varphistep: the stepsize of the lognormal random walk on varphi.
phistep: the stepsize of the lognormal random walk on phi.


A list of the starting values for the parameter theta, use defaults if nothing is given.


BARK is implemented using a Bayesian MCMC method. At each MCMC interaction, we produce a draw from the joint posterior distribution, i.e. a full configuration of regression coefficients, kernel locations and kernel parameters.

Thus, unlike a lot of other modelling methods in R, we do not produce a single model object from which fits and summaries may be extracted. The output consists of values f^*(x) (and \sigma^* in the numeric case) where * denotes a particular draw. The x is either a row from the training data (x.train)


bark returns an object of class 'bark' with a list, including:


the matched call


Fixed hyperparameters


Tuning parameters used


The last set of parameters from the posterior draw


A matrix with nrow(x.train)+1 rows and (nkeep) columns, recording the number of kernels at each training sample


A matrix with nrow(x.train) +1 rows and (nkeep) columns, recording the precision in the normal gamma prior distribution for the regression coefficients


A matrix with nrow(x.train)+1 rows and (nkeep) columns, recording the regression coefficients


A matrix with ncol(x.train) rows and (nkeep) columns, recording the kernel scale parameters


The vector of length nkeep, recording the precision in regression Gaussian noise (1 for the classification case)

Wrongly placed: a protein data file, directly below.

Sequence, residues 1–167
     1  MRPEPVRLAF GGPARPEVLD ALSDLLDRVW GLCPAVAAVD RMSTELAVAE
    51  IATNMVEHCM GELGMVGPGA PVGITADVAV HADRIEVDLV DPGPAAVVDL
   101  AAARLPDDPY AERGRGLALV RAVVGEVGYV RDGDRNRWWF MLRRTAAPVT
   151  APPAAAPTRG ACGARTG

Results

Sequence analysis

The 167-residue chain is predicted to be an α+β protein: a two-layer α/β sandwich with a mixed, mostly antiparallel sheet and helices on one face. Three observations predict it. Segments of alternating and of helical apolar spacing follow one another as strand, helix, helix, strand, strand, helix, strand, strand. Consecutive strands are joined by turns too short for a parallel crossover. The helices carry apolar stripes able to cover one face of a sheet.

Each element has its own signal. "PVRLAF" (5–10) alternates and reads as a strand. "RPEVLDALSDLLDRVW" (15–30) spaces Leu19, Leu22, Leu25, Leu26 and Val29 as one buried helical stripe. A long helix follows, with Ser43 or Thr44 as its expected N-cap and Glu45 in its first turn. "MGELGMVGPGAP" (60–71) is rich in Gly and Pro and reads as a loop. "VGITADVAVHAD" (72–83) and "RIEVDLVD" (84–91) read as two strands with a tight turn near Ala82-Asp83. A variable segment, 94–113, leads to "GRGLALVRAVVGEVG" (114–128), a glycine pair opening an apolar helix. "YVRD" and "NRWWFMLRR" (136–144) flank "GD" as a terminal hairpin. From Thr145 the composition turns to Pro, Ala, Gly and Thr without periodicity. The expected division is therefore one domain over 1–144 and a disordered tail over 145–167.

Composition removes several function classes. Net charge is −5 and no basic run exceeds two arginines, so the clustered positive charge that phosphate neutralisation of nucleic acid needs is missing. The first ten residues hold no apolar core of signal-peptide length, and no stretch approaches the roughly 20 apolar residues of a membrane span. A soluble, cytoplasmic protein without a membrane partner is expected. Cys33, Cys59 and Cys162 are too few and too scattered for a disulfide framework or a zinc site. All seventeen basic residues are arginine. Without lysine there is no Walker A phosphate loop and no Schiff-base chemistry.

A matrix with nrow(x.train) rows and (nkeep) columns. Each column corresponds to a draw f^* from the posterior of f and each row corresponds to a row of x.train. The (i,j) value is f^*(x) for the j^{th} kept draw of f and the i^{th} row of x.train.
For classification problems, this is the value of the expectation for the underlying normal random variable.
Burn-in is dropped


Same as yhat.train but now the x's are the rows of the test data; NULL if testdata are not provided


train data fits = row mean of yhat.train


test data fits = row mean of yhat.test


Ouyang, Zhi (2008) Bayesian Additive Regression Kernels. Duke University. PhD dissertation, page 58.

See Also

Other bark functions: bark-package-deprecated, bark-package, sim_Friedman1(), sim_Friedman2(), sim_Friedman3(), sim_circle()


##Simulated regression example
# Friedman 2 data set, 200 noisy training, 1000 noise free testing
# Out of sample MSE in SVM (default RBF): 6500 (sd. 1600)
# Out of sample MSE in BART (default):    5300 (sd. 1000)
traindata <- data.frame(sim_Friedman2(200, sd=125))
testdata <- data.frame(sim_Friedman2(1000, sd=0))
# example with a very small number of iterations to illustrate usage
fit.bark.d <- bark(y ~ ., data=traindata, testdata= testdata,
                   nburn=10, nkeep=10, keepevery=10,
                   common_lambdas = FALSE,
                   selection = FALSE)

 ##Simulate classification example
 # Circle 5 with 2 signals and three noisy dimensions
 # Out of sample erorr rate in SVM (default RBF): 0.110 (sd. 0.02)
 # Out of sample error rate in BART (default):    0.065 (sd. 0.02)
 traindata <- sim_circle(200, dim=5)
 testdata <- sim_circle(1000, dim=5) <- bark(y ~ ., 
                     testdata= data.frame(testdata), 
                     nburn=100, nkeep=200, )

[Package bark version 1.0.4 Index]